Moving forward in the use of evidence based medicine in the clinical setting

Steve Budsberg, DVM, MS, DACVS

Professor, Department of Small Animal Medicine Surgery; Director of Clinical Research; College of Veterinary Medicine, University of Georgia, United States

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It is clear over the last decade that evidence based medicine (EBM) advocates have focused on promoting the concepts and ideals of EBM as well as teaching the skills needed to use it efficiently and effectively. With this knowledge and education there has been emergence of a significant number of perceived barriers that seem to prevent the clinician from implementing EBM.

Remember, at its’ core EBM attempts to take the results of population studies and apply them to an individual patient. This is in stark contrast to traditional medical practice in which clinical experience (often from individual patients) is commonly used to define and defend the treatment of an entire group of patients with a similar problem. Thus it is apparent that promoting this paradigm shift must emphasize the fact that these data must however be combined with the knowledge of the individual patient/client and the experience of the clinician. When clinicians read and think about evidence based medicine (EBM), thoughts that often come to mind are “how does this really affect me and if I want to use EBM, how I can do this in my daily practice?” It is important to remember the evidence (data), by itself, does not make a decision for you, but it can help support the patient care process.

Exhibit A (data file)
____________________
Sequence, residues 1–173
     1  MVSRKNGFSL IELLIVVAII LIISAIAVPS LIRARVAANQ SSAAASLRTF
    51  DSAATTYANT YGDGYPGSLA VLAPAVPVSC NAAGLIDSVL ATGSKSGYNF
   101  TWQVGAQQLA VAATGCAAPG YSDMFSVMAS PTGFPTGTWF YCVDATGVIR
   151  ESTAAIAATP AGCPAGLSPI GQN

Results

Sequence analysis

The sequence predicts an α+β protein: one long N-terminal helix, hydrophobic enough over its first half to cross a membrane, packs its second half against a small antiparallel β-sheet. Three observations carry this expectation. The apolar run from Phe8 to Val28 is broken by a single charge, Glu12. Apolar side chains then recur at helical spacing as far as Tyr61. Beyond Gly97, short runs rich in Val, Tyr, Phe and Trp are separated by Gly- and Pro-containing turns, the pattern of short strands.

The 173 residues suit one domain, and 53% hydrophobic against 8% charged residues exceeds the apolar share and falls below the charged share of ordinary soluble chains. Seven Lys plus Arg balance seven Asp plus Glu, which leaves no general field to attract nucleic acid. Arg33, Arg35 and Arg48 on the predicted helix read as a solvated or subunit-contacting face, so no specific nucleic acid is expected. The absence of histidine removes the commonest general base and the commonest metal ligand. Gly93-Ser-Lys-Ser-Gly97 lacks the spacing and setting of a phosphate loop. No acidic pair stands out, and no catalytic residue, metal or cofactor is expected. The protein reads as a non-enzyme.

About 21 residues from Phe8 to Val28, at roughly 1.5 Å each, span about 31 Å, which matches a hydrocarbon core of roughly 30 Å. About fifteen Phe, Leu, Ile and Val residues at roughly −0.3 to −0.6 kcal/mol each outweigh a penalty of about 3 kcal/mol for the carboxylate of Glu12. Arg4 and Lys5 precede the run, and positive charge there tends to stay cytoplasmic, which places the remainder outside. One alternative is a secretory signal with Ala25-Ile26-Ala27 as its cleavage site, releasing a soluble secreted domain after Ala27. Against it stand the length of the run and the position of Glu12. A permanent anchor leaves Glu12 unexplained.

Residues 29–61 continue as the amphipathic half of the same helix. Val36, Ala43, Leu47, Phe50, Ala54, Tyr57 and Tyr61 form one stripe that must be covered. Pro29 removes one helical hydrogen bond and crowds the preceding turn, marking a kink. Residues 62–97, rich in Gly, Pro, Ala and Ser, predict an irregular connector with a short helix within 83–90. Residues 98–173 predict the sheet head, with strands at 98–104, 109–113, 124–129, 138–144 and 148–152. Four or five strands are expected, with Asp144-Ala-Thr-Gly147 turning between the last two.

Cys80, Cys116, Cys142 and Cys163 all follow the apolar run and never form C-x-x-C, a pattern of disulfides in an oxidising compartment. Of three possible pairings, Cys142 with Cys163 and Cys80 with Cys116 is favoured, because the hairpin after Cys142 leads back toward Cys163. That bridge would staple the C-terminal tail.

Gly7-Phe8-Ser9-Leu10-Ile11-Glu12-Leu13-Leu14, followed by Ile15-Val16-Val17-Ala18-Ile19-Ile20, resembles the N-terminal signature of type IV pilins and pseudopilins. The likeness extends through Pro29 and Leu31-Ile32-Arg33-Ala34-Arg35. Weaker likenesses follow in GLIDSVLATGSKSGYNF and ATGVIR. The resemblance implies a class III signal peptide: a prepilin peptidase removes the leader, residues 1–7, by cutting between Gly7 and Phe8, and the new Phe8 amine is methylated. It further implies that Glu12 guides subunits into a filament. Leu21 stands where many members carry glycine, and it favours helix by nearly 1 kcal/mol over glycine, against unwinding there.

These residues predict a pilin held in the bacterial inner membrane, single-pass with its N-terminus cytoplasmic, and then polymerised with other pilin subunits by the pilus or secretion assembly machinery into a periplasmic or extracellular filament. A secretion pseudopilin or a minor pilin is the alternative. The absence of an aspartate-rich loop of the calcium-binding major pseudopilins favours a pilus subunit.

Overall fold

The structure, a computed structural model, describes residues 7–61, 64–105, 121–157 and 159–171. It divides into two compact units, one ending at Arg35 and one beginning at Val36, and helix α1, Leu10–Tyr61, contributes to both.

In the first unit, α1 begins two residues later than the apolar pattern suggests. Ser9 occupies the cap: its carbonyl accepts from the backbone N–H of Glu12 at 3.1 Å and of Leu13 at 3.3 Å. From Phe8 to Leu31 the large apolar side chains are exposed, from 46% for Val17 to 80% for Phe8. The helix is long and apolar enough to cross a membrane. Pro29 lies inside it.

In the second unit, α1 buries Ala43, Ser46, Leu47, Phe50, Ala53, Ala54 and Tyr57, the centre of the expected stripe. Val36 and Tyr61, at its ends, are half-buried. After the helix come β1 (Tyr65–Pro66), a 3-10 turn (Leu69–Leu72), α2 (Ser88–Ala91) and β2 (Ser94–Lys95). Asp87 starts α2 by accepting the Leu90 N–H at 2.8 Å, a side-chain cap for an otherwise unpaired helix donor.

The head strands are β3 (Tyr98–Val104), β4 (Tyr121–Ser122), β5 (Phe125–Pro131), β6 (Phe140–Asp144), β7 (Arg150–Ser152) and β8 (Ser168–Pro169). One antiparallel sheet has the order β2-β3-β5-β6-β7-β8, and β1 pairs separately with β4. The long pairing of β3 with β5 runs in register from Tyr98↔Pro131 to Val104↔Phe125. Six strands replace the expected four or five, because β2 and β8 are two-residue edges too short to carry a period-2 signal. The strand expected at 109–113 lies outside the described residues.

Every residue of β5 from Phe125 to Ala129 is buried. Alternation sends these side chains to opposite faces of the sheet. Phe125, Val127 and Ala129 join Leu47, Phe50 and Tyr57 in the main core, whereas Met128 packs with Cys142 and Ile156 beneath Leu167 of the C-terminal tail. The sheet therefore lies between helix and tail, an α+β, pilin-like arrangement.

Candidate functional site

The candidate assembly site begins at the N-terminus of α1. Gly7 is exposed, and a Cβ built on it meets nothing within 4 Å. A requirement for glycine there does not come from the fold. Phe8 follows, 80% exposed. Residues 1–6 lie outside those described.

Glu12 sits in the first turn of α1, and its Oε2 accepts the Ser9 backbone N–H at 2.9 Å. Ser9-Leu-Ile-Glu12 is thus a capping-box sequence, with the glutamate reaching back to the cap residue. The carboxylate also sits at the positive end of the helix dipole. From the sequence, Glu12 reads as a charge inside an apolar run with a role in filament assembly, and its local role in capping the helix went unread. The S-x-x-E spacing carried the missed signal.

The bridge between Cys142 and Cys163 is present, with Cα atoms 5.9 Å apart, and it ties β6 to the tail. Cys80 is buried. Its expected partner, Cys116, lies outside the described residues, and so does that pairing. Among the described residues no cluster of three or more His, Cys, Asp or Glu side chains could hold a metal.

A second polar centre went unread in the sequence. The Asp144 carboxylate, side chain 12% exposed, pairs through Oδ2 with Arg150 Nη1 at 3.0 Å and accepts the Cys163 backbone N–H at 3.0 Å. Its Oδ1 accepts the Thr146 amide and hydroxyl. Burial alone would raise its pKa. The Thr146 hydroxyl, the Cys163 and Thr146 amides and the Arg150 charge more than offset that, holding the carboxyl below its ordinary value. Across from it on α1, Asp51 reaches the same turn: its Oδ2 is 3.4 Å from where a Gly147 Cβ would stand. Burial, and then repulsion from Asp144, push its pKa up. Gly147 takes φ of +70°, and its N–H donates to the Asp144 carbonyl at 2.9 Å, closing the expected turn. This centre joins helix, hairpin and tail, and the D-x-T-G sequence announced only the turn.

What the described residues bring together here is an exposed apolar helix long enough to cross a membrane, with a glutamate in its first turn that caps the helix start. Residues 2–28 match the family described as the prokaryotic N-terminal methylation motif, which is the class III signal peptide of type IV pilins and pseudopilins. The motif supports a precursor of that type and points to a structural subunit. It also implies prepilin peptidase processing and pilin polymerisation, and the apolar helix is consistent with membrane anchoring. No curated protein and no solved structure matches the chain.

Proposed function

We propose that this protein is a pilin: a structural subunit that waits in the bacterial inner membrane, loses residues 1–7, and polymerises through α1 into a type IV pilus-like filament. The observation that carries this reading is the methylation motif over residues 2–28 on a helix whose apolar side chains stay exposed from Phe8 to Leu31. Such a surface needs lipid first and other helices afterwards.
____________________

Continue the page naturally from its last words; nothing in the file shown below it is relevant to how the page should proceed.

We must now focus on the process of encouragement of collaboration by means of positive and safe communication and shared learning across career stages to overcome these barriers. Recent studies suggest that these types of proactive steps will facilitate the uptake of EBM and reduce cognitive and affective biases in clinical decision-making. Thus, we need look critically at all the pros and cons of EBM and move forward, not as evangelical preachers or high minded academics but as colleagues and mentors to work to improve the use of all the data available when treat our patients.

In the next few years, as clinical trial data continues to increase, we must guide and instill in individuals at all levels of their professional careers a sense of how EBM can benefit them when used judiciously and correctly.

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